Stress is a complex issue, and finding answers about it can be difficult due to the conflicting information available. Health and fitness professionals are often approached by clients, friends, and loved ones with questions about stress. It is important to remember that there are no one-size-fits-all answers to stress-related questions, and the right answer depends on who the asker is, what their goals are, where they are starting from, and how much they are willing and able to change. While excessive, unrelenting stress can lead to adverse health outcomes, not all stress is bad, and stress can be beneficial in moderation.
To find your stress “sweet spot,” it is important to recognize that stress that is long-lasting, relentless, and demoralizing is associated with numerous health issues, and it is important to try to reduce or avoid these stressors. Shorter bursts of stress that are manageable and provide opportunities to recover can help build resilience and empowerment. Perception also plays a role in how stress is experienced, and individuals who believe that stress can make them stronger and more resilient are more likely to proactively solve problems and seek out challenging experiences.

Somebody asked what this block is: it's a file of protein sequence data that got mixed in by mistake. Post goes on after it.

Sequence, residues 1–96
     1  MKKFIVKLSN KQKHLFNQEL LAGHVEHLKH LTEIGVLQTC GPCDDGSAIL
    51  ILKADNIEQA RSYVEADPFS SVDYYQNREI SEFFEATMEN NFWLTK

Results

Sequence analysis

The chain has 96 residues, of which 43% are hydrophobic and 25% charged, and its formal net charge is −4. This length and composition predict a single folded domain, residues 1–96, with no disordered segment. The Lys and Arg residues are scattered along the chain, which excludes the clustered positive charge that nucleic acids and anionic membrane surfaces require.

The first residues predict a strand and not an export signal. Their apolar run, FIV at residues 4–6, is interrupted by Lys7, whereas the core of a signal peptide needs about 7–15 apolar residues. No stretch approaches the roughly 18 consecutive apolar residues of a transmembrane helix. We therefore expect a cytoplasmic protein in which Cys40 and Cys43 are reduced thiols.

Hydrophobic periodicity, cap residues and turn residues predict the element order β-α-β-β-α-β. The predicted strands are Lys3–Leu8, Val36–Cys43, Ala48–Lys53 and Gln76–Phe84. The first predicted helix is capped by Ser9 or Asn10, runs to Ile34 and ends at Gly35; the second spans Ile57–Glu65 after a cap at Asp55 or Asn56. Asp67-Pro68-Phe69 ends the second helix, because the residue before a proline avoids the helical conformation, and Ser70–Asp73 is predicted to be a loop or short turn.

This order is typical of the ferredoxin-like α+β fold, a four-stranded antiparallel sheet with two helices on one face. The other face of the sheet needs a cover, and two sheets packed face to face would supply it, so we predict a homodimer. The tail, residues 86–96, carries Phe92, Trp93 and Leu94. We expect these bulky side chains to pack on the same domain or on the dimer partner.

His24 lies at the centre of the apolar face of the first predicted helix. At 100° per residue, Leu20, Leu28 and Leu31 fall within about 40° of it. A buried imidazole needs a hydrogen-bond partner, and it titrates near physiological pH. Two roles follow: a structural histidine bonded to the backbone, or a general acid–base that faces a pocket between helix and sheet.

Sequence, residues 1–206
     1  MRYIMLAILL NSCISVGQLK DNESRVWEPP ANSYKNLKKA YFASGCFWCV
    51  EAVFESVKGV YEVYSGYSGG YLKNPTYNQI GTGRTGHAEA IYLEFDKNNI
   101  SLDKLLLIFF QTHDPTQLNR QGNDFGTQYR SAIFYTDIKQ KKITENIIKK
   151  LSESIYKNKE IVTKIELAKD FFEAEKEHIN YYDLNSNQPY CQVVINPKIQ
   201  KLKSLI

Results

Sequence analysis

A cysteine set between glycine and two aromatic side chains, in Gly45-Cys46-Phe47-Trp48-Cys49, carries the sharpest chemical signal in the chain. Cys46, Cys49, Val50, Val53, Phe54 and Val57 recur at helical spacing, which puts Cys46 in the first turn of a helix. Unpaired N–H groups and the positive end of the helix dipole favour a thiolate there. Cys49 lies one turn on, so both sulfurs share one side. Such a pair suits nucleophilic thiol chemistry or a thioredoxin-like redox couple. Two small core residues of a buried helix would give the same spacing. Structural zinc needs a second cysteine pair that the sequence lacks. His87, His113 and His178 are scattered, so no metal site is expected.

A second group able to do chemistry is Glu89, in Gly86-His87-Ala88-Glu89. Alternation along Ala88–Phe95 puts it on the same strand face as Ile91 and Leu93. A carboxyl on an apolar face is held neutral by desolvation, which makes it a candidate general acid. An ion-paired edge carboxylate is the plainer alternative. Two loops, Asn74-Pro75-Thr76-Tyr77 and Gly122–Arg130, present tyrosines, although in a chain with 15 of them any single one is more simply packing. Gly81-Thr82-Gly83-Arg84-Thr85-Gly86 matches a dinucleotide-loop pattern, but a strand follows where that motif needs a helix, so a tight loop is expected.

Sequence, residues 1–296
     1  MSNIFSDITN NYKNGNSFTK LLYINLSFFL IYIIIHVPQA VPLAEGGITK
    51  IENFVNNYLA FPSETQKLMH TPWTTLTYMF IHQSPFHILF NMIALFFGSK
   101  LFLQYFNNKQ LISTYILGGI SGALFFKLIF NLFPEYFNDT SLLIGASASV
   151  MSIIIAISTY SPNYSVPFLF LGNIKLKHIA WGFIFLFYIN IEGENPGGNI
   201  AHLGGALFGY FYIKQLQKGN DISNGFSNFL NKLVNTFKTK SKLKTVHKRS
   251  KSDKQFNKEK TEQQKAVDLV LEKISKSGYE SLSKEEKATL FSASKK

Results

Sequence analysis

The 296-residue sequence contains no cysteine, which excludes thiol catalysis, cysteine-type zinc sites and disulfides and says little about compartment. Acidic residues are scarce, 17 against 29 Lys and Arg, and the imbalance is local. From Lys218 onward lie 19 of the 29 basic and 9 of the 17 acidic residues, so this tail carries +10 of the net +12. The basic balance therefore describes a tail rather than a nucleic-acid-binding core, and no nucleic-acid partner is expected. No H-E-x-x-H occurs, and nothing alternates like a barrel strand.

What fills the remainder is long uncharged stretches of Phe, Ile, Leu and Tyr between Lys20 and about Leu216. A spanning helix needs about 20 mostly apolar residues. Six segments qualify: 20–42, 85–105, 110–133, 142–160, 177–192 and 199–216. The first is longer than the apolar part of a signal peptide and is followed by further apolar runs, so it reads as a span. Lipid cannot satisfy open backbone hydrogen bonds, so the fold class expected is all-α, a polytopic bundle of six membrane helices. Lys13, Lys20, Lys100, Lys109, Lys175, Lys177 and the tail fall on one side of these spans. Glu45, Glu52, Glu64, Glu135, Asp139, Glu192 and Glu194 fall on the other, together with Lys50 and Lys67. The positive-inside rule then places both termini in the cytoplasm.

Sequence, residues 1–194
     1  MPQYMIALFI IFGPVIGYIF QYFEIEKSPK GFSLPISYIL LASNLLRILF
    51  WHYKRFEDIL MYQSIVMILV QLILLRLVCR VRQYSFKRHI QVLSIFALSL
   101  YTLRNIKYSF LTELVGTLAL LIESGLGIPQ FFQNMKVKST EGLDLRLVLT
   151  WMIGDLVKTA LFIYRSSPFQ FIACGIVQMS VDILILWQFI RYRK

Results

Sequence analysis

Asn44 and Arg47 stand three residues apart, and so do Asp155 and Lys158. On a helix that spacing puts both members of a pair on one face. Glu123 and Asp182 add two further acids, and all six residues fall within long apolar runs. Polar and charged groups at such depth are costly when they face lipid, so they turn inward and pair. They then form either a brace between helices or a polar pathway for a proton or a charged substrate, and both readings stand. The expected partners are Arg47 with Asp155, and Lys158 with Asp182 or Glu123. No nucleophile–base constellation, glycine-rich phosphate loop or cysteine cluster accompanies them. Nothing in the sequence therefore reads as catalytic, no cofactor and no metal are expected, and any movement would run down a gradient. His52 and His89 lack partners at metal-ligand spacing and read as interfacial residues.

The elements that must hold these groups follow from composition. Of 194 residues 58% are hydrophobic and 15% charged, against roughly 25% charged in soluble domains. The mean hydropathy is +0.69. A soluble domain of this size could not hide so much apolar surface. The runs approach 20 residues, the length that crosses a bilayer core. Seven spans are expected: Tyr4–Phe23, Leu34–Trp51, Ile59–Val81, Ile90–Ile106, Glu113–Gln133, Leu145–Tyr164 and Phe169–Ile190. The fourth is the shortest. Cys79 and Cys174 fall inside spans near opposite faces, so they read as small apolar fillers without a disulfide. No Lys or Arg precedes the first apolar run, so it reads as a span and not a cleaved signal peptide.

The signs and symptoms of stress depend on whether it is acute or chronic. Acute stress generally causes the sympathetic nervous system to ramp up, which can lead to faster heartbeats, deeper and quicker breathing, bursts of energy or focus, and shakiness. Chronic stress is when the sympathetic activation lasts for days, weeks, or months, leading to numerous physical and mental health issues. Signs of chronic stress include excessive worrying or anxiety, poor mood or energy, poor appetite, digestive problems, trouble sleeping, unfocused thinking, and weakened immunity.
Anxiety and stress are related but are different. Anxiety involves a persistent feeling of apprehension or dread, often linked to negative thoughts and ruminations. Stress usually starts in response to a situation or event and ends when the situation is resolved. Many stress management techniques can also be effective in reducing anxiety, but if anxiety is especially intense, long-lasting, or interferes with quality of life, it is best to consult a healthcare professional. Overall, it is important to remember that stress is subjective, and the right approach to managing it depends on a variety of individual factors.